Fiddler on the Roof has long been thought of as one of Broadway's best — a show that appeals to many a generation, touching on the universal themes of tradition, teenage rebellion, romance, marriage and religious persecution.
Opening on Broadway in September 1964, Fiddler delivered well-known tunes such as Matchmaker, Matchmaker, If I Were a Rich Man and wedding favorite Sunrise, Sunset. The Broadway musical that featured Zero Mostel in the title role of Tevye earned 10 Tony Awards and set records for the longest-running show, for more than 3,200 consecutive performances.
With 72 cast members preparing to take the stage this weekend, a local production of Fiddler might just be an example of community theater at its best — or at least its most authentic — with the opening of the Gilbert and Sullivan Players' presentation on Friday at the Tarpon Springs Performing Arts Center.
"People came out of the woodwork to audition," said Jamie Bierchen who directs the show along with musical director Constantine Grame and choreographer Jane Russell Geddings.
The Players' summer productions are typically a big attraction for stage seekers who might otherwise not have the time to devote to the many rehearsals that go into a musical, Bierchen said. He should know, having directed productions of The King and I, The Music Man, Oliver! and last year's award-winning Carousel. "We have a lot of kids that are now out of school — people who work for the school system."
Bierchen found a spot on stage for most all of them as well as a place on the roof for "Fiddler" Eric Nordstrom, a violinist who plays regularly with the Florida Orchestra and has toured with performers such as Rod Stewart and Josh Groban.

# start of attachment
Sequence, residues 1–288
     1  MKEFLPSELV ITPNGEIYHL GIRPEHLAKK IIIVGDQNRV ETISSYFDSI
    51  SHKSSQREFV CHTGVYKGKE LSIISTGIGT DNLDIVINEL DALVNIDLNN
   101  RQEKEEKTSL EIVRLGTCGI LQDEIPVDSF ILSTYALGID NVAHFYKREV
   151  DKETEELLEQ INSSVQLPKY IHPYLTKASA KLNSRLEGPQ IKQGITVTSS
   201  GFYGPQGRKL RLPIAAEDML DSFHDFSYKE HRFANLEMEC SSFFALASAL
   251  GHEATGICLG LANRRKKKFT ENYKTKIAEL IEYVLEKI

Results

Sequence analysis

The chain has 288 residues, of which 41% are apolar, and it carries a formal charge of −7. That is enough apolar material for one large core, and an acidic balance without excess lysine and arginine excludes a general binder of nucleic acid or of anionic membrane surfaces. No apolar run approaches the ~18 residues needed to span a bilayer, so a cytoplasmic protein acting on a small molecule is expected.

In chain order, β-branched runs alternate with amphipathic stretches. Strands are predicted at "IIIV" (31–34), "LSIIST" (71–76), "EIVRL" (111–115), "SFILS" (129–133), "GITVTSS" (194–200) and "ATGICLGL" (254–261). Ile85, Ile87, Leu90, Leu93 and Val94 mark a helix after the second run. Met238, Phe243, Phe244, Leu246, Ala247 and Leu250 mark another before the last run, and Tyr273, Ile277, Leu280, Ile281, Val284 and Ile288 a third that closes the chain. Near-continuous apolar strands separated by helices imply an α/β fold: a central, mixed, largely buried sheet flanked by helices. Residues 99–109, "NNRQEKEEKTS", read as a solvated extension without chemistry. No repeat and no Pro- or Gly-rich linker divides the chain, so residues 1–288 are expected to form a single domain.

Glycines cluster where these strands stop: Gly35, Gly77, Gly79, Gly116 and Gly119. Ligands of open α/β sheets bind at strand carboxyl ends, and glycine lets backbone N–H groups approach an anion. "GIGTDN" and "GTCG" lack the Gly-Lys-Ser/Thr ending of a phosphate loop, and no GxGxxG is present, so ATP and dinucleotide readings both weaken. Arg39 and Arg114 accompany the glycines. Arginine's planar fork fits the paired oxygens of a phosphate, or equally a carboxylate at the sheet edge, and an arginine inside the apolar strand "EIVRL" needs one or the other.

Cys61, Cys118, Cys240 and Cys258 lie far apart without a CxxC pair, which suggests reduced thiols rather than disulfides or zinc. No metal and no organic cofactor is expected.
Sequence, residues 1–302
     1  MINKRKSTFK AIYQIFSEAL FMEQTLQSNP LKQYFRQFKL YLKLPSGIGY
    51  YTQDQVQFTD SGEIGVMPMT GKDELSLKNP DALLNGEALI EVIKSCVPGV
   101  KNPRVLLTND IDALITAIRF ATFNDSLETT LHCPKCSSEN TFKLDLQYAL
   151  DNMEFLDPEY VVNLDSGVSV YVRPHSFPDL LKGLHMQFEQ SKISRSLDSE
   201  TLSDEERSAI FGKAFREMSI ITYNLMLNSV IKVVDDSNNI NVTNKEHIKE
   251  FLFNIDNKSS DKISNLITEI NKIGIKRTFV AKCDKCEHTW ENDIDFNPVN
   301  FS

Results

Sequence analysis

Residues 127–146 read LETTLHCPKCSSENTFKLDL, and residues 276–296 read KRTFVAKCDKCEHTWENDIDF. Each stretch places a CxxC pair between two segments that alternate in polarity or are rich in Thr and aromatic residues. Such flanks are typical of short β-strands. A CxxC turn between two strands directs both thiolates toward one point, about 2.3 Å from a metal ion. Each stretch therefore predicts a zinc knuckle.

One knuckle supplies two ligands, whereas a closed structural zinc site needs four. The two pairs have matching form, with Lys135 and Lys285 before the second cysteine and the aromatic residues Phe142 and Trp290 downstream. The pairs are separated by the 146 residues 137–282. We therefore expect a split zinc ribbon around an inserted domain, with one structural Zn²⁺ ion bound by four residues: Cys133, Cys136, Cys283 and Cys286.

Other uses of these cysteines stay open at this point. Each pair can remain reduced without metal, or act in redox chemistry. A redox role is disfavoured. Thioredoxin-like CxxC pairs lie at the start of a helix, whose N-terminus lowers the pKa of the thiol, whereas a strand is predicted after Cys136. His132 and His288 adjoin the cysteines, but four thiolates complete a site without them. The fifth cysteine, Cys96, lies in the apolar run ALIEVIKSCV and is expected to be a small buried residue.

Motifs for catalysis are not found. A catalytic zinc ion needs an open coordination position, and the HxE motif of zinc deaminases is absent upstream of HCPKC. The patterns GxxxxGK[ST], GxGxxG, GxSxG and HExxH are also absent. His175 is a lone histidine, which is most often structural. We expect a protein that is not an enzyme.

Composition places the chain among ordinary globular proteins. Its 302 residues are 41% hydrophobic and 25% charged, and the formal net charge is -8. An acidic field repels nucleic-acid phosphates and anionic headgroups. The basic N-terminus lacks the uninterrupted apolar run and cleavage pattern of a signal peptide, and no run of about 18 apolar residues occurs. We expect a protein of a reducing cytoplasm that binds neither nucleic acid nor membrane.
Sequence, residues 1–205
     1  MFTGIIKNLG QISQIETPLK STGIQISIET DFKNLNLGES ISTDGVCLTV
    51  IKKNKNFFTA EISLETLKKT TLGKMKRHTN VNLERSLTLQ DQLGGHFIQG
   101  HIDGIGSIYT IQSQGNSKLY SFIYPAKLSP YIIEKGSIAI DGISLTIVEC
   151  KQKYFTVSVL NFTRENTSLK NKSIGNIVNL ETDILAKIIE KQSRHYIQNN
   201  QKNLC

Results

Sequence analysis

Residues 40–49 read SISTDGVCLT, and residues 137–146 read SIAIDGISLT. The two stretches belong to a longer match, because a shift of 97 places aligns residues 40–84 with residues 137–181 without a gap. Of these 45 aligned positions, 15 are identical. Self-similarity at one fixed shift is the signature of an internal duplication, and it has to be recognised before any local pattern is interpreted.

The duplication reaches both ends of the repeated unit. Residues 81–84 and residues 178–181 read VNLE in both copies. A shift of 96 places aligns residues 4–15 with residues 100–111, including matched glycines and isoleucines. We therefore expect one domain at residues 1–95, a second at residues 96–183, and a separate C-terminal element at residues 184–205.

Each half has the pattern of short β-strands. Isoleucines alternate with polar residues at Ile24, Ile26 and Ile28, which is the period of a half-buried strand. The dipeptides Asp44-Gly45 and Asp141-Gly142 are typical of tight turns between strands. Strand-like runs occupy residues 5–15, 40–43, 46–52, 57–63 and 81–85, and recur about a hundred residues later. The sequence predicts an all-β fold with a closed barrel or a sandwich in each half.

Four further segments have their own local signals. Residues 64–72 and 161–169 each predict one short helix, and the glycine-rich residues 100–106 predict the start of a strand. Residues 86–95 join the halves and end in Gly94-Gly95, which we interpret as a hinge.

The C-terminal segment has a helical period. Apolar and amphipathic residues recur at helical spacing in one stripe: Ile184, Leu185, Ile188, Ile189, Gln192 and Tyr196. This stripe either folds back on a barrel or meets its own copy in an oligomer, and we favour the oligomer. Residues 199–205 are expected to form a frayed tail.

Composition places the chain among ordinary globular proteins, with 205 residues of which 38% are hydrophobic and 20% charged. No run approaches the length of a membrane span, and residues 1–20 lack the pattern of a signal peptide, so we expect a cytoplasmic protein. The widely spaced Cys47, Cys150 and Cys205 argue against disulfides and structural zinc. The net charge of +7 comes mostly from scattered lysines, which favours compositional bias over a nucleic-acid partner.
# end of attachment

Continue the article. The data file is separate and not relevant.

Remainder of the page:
Colman Reaboi, cantor and spiritual leader of Congregation B'nai Emmunah in Tarpon Springs, plays the starring role of Tevye, a pondering milkman and father of five daughters, three of whom are coming of age just as his world is beginning to crumble around him with the growth of anti-Semitism in czarist Russia at the turn of the 20th century.
The milkman's struggles play out in the fictional, tight-knit village of Anatevka where he lives with his daughters and his loyal, yet independent-minded wife, Golde (Tara Hilderbrandt).
Tevye's three oldest daughters — Tzeitel (Marissa Jo Kraus), Hodel (Brianna Lynn Filippelli) and Chava (Lauren Leech) — are a rebellious lot who make him question his long-held values. They choose true love over the matchmaking tradition that brought their parents together for the first time on their wedding day.
The show, full of humorous, tender and some somber moments, and some somber, and is the perfect way to wrap up the city's annual Summer Solstice arts program, said Gen Crosby, marketing and communications coordinator for Tarpon Springs Cultural Treasures.
"Everyone loves Fiddler. The music is so fun to sing," she said. "This is a really big show. We have a lot of people in it, a lot of families, a lot of kids dragging their parents on the stage."
Michele Miller can be reached at [email protected]